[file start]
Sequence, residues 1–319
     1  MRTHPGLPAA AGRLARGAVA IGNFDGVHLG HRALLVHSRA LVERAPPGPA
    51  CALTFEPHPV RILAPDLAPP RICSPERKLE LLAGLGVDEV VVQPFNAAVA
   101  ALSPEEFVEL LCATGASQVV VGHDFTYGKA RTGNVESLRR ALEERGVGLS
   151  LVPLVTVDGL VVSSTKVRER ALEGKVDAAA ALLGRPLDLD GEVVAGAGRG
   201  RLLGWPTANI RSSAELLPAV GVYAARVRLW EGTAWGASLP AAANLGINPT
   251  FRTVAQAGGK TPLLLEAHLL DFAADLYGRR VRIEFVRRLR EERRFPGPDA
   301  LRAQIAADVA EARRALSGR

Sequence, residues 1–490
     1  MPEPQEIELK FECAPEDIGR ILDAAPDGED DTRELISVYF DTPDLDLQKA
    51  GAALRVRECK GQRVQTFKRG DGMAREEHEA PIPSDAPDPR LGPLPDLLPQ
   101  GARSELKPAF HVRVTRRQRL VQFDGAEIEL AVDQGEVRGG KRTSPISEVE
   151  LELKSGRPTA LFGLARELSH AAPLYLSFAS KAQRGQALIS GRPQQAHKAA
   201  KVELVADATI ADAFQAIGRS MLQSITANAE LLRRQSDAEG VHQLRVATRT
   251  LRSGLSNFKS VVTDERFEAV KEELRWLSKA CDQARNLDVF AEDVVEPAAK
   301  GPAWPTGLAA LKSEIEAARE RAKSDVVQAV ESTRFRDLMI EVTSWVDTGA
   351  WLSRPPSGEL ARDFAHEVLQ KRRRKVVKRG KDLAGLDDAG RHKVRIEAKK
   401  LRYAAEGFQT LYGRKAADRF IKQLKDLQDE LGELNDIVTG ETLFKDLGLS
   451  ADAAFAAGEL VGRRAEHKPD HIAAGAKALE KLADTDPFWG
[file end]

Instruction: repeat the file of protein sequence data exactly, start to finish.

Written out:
Sequence, residues 1–319
     1  MRTHPGLPAA AGRLARGAVA IGNFDGVHLG HRALLVHSRA LVERAPPGPA
    51  CALTFEPHPV RILAPDLAPP RICSPERKLE LLAGLGVDEV VVQPFNAAVA
   101  ALSPEEFVEL LCATGASQVV VGHDFTYGKA RTGNVESLRR ALEERGVGLS
   151  LVPLVTVDGL VVSSTKVRER ALEGKVDAAA ALLGRPLDLD GEVVAGAGRG
   201  RLLGWPTANI RSSAELLPAV GVYAARVRLW EGTAWGASLP AAANLGINPT
   251  FRTVAQAGGK TPLLLEAHLL DFAADLYGRR VRIEFVRRLR EERRFPGPDA
   301  LRAQIAADVA EARRALSGR

Sequence, residues 1–490
     1  MPEPQEIELK FECAPEDIGR ILDAAPDGED DTRELISVYF DTPDLDLQKA
    51  GAALRVRECK GQRVQTFKRG DGMAREEHEA PIPSDAPDPR LGPLPDLLPQ
   101  GARSELKPAF HVRVTRRQRL VQFDGAEIEL AVDQGEVRGG KRTSPISEVE
   151  LELKSGRPTA LFGLARELSH AAPLYLSFAS KAQRGQALIS GRPQQAHKAA
   201  KVELVADATI ADAFQAIGRS MLQSITANAE LLRRQSDAEG VHQLRVATRT
   251  LRSGLSNFKS VVTDERFEAV KEELRWLSKA CDQARNLDVF AEDVVEPAAK
   301  GPAWPTGLAA LKSEIEAARE RAKSDVVQAV ESTRFRDLMI EVTSWVDTGA
   351  WLSRPPSGEL ARDFAHEVLQ KRRRKVVKRG KDLAGLDDAG RHKVRIEAKK
   401  LRYAAEGFQT LYGRKAADRF IKQLKDLQDE LGELNDIVTG ETLFKDLGLS
   451  ADAAFAAGEL VGRRAEHKPD HIAAGAKALE KLADTDPFWG